Addiction, Opioids, Substance Abuse and Recovery

Addiction, Opioids, Substance Abuse and Recovery

Addiction is a physical or psychological need to do, take or use something, to the point where it could be harmful to you. Addiction is a condition in which a person engages in the use of a substance or in a behaviour for which the rewarding effects provide a compelling incentive to repeatedly pursue the behaviour despite detrimental consequences. Opioids trigger the release of endorphins, your brain's feel-good neurotransmitters. Endorphins muffle your perception of pain and boost feelings of pleasure, creating a temporary but powerful sense of well-being. When you take opioids repeatedly over time, your body slows its production of endorphins. The same dose of opioids stops triggering such a strong flood of good feelings. This is called tolerance. Opioid use can lead to addiction and, too often, overdose. Opioids are safest when used for three or fewer days to manage acute pain, such as pain that follows surgery or a bone fracture. Developing a drug addiction isn’t a character flaw or a sign of weakness and it takes more than willpower to overcome the problem. For many people struggling with addiction, the toughest step toward recovery is the very first one: recognizing that you have a problem and deciding to make a change.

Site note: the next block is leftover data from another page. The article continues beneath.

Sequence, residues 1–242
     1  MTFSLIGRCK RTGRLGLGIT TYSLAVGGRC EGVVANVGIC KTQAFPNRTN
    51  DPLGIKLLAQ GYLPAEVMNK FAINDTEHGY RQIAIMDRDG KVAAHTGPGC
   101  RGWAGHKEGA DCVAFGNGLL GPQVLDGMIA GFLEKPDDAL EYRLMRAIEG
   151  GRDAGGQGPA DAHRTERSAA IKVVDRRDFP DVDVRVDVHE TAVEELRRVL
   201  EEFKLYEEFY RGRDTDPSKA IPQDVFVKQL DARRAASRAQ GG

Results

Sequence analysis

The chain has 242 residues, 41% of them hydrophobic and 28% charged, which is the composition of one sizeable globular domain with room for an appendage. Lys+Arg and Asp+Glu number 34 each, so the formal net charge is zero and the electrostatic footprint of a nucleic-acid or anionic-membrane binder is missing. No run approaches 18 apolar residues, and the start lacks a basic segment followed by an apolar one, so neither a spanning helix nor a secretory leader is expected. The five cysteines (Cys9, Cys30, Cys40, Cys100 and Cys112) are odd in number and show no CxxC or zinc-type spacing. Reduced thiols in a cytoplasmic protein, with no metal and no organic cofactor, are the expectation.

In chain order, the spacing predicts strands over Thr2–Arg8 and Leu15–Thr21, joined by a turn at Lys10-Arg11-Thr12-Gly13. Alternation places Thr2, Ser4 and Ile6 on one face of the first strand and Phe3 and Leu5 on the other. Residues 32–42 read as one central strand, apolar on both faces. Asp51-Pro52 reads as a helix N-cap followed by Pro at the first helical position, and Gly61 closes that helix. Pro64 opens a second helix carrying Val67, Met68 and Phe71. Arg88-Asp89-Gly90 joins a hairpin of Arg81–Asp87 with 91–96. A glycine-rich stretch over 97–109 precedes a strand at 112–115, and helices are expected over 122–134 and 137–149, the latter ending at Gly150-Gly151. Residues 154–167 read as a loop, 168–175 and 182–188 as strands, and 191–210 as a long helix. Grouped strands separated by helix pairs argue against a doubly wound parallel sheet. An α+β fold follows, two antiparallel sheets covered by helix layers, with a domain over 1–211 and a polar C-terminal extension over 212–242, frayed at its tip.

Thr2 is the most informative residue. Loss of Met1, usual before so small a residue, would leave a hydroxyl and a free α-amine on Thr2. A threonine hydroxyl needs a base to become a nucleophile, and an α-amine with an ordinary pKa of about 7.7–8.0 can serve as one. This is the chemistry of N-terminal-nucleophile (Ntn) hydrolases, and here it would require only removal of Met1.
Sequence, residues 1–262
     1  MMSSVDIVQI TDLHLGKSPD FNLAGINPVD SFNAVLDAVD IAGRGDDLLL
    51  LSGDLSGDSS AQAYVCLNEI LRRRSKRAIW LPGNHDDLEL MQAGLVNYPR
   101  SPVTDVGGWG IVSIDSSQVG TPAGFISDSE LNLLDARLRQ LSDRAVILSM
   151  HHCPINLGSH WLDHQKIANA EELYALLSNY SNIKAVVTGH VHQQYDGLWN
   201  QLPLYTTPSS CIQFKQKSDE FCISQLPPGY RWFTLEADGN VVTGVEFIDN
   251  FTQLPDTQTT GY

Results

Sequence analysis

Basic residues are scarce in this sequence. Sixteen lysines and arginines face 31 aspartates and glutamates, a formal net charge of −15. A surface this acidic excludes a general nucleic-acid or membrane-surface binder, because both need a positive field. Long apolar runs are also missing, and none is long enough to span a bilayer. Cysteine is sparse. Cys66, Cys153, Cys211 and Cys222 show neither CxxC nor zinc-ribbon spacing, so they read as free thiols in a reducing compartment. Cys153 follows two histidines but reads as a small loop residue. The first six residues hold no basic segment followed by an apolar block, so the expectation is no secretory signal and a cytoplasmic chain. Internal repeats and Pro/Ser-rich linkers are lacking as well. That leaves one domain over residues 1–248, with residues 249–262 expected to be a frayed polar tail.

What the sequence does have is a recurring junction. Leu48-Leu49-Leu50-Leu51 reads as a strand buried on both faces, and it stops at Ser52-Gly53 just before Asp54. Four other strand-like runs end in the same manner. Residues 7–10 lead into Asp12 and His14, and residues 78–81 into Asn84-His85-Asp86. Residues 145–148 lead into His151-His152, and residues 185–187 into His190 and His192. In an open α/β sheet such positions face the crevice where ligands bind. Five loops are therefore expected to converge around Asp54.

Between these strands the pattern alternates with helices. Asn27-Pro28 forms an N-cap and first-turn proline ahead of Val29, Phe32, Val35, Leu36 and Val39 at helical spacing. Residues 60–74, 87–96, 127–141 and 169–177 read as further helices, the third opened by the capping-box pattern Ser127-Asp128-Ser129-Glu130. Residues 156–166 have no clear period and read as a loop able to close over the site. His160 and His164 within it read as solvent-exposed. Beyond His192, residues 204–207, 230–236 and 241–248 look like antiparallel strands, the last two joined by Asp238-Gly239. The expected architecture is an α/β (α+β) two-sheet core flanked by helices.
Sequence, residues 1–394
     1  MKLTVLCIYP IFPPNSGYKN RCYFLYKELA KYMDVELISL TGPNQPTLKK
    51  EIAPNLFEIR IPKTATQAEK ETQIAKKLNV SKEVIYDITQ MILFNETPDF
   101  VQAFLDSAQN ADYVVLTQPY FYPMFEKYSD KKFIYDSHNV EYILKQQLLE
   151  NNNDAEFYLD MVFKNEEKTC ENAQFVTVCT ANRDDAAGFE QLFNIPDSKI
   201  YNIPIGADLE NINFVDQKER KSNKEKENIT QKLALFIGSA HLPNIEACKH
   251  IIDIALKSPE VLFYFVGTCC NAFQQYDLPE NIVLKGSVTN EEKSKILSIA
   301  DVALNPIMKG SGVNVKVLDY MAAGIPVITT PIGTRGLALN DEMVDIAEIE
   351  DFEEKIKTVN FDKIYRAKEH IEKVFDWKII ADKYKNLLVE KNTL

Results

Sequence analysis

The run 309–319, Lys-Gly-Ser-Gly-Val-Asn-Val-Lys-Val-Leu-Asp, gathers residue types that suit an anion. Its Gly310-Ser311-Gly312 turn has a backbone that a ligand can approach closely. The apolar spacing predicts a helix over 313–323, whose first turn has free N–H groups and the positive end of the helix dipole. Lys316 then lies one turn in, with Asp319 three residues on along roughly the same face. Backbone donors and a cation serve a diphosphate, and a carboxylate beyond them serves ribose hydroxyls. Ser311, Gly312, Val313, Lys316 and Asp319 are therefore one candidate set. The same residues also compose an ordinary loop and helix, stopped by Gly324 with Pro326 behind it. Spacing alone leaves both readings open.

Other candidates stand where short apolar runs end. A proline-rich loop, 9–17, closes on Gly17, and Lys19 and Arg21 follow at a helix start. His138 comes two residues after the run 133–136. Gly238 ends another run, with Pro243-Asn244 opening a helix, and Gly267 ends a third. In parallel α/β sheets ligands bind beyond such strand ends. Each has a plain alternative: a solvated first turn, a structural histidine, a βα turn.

• Detoxification
  • Addictive Personality
  • Tolerance and Withdrawal
  • Physical Addiction
  • Alcohol Addiction
  • Prescription Drug Addiction
  • Use of New Technology in Mental Health Education
  • Mental Health, Awareness and Development
  • Psychological Addiction

 

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